Live View IQ250 Phase One

A view provided by Alpa camera corp of the Live View at night on IQ250

From some night photography testing that was done by Alpa, maker of fine Tech camera solutions for Medium and 35mm format, it appears that the Live View Screen of the IQ250 is going to work exceptionally well in low light.  This is a huge deal!!.

Currently the only other DSLR with Live View in the 30MP or greater size is the Nikon D800/D800E and to be honest their Live view implementation suffers here..  Nikon is working with a 36MP CMOS sensor and in normal or bright light, you can see the image fine to get a good sharp focus.  However in low light or near dark, the screen is covered up with noise and it’s really impossible to see anything well enough to focus the image.  I have tried many different solutions, but no matter what you do the image will be covered up in large banding and noise.  I have tried increasing the gain by temporarily increasing the ISO to around 3200, which makes things much worse, and by opening up the camera to the widest aperture, but you still can’t really get enough information.  The other issue is with many Nikon lenses, you will see a bit of focus shift from say F2.8 to F 5.6.  So what may look in sharp focus when focusing with Live View at F2.8 will be out of focus enough not to get a good image.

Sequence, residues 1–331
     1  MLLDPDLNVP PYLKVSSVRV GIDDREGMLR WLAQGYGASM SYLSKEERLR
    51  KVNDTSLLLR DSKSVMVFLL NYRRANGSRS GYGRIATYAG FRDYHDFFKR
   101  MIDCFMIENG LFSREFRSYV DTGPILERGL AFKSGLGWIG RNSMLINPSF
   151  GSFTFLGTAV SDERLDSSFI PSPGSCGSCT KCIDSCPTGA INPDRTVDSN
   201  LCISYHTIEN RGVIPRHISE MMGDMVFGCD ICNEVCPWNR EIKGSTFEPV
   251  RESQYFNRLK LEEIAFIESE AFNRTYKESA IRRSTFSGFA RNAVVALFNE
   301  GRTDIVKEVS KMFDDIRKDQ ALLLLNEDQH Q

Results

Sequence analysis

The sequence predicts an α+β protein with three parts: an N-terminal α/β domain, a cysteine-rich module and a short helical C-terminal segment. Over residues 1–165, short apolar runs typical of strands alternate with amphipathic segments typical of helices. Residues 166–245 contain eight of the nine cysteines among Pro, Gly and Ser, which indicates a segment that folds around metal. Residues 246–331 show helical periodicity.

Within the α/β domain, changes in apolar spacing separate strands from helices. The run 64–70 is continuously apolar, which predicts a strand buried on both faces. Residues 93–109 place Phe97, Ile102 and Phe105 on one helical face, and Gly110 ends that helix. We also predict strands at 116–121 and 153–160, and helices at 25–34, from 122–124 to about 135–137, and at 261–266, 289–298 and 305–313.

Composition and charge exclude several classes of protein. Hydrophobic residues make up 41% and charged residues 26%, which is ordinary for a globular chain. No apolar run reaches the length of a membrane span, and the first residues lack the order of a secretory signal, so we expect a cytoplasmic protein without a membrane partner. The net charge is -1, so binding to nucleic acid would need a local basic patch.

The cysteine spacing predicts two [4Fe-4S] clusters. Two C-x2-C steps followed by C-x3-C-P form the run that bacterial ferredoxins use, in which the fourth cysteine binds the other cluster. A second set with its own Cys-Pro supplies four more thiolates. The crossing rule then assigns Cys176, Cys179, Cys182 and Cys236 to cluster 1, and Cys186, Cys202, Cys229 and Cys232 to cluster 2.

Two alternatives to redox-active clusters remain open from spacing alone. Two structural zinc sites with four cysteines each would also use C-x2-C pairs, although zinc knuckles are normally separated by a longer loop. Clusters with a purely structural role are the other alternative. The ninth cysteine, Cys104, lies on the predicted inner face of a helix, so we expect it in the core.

What Alpa noticed during their testing is that when using Live View on the IQ250, in low light or even dark conditions (see image above taken after dark), is that the Screen almost becomes a night vision device.  This is really a nice feature and one that is not getting much notice, which surprises me.  This is truly a revolutionary feature for sure.

With Canon, I have found that starting with the 5D MKII, and up, it seems that Canon developed a way to buffer out the noise when using live view in low light.  For my night photography working with a 3/4 moon or more, most times I can still use Canon live view with my lens wide open to help frame the shot.  Not really as much to focus as the image will not be that sharp.  But if you tried the same thing with a Phase One IQ250, it seems that you would be able to not only see the entire subject clearly, but be able to gain full focus on it.  I am sure that Alpa was using one of their tech camera for the testings not a Phase One DF+ camera body so no AF was used.  Since the image can be seen so clearly it would be most interesting to see just how well Auto Focus does work!

This is not a cheap camera by any means, but it’s clear that Phase One thought ahead on this one and designed a way to allow the photographer to best utilize the IQ LCD in all lighting conditions.

Here is close up of the same shot showing a bit more of the details that can be captured from a totally dark scene.  This reminds me of some of the middle of the line Sony all in one cameras, like the Sony Cybershot F828,  which some people felt actually did have a night vision system since you could see so well at night with it.  Of course that was a 8MP solution from 2004, and now Phase One seems to have something similar in a 50MP solution.

IQ250 live view night